Follow in Dorothy Counts’s footsteps
In response to “Classmates screamed and spat at her...” (Sept. 4):
What an inspiration Dorothy Counts is for us all. I remember the picture of her in her beautiful dress walking into Harding High School. Young, innocent, and seemingly unfazed by the horrible abuses of the children. One wonders if any of those bullies surrounding her ever came forward to apologize?
Dorothy Counts has spent her life being part of the solution rather than part of the problem. We can all learn by her example.
Never miss a local story.
Lucy Grasty, Charlotte
Can we only work together in crisis?
Every day since Hurricane Harvey hit, individuals have risked their lives and opened their hearts and doors to aid others, disregarding differences of race, religion, etc. to lend a helping hand.
If we, as Americans, can do this under the most horrific conditions of Mother Nature’s wrath, why can’t we do the same under what are supposed to be normal conditions?
We are uniting under this moment of devastation, so we need to unite 365 days of the year and become one for all.
We may not solve all of our problems, but we sure can put a dent in the worst of it – if we only try!
Patrick Schado Sr.,
Your real friends show up in crisis
In response to “A lesson from Hurricane Andrew” (Sept. 3 Viewpoints):
Leonard Pitts’s column was spot on. We went through Hurricanes Jeanne and Frances in Stuart, Florida, in 2004. We lost our roof and had no power for three weeks. In a disaster like this, you really find out who your friends are – and aren’t. People came out of the woodwork to help, some that really surprised me. Others that I thought of as friends never showed up or called. Black, white, Muslim, Christian – shouldn’t matter when people need help.
Deborah Beck, Iron Station
Our candidates have rap sheets
In response to “Among mayoral, council hopefuls: Money struggles, evictions, unusual DWI” (Aug. 31):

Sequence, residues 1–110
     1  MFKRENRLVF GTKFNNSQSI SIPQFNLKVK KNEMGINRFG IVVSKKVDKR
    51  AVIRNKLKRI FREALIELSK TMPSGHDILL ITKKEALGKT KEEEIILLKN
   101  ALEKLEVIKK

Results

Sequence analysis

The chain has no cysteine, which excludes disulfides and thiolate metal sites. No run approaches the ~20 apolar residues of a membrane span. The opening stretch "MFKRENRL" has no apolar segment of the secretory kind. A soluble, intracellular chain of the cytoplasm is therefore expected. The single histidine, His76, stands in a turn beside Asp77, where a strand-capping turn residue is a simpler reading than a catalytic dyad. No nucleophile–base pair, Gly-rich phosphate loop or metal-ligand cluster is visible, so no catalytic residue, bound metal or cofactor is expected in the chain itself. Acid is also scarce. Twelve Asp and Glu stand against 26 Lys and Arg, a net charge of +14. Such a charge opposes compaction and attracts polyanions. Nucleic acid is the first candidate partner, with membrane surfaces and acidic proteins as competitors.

This article concerning City Council candidates was very disturbing.
Assuming that one or two had legitimate excuses for the charges brought against them, that leaves the majority guilty of committing crimes or just guilty of fiduciary ignorance.
If this is the type of people we have running the city, no wonder so many decisions are bad.
College is for more than getting jobs
In response to “Too many college degrees lead to debt” (Sept. 4 Forum):
Forum writer Eric Cable implies that universities should eliminate degrees in subjects such as instrumental music and art history because there is little market for them. But getting students jobs is not the sole purpose of higher education, and most graduates work – very successfully – in fields outside their college major. Training in fields such as engineering and finance is no guarantee of employment.
The student debt crisis has been caused not by musicians and art historians, but by rising tuition fueled by decades of public disinvestment in universities, and by a financial system that profits from the loan interest students and their families pay for the dream of a better life.
Gregory Starrett, Charlotte
Charlotte should have a medical school
Charlotte should have a medical school
In response to “Sorry, Charlotte. You don’t need a law school, officials say” (Aug. 31):
The real discussion should be why doesn’t a city the size of Charlotte have a medical school. (Could it be North Carolina politics?)
UNCC’s enrollment is more than 25,000 students and there are two large hospital systems here.
Chancellor Dubois should be advocating for establishment of a medical school, which could really benefit our residents and help to enhance Charlotte’s reputation as a “first class” city.
Stuart Bantit, Indian Land
Homicide problem bigger than police
In response to “Chief Putney isn’t doing his job” (Aug. 29 Forum):
Charlotte Police Chief Kerr Putney is doing the best job he can, but hecan’t be in every home.
The National Guard could be stationed on several corners in Charlotte and there would still be murders. People need to learn to settle disputes other than with guns.
People need to stop playing the blame game.
Henri Rumph, Charlotte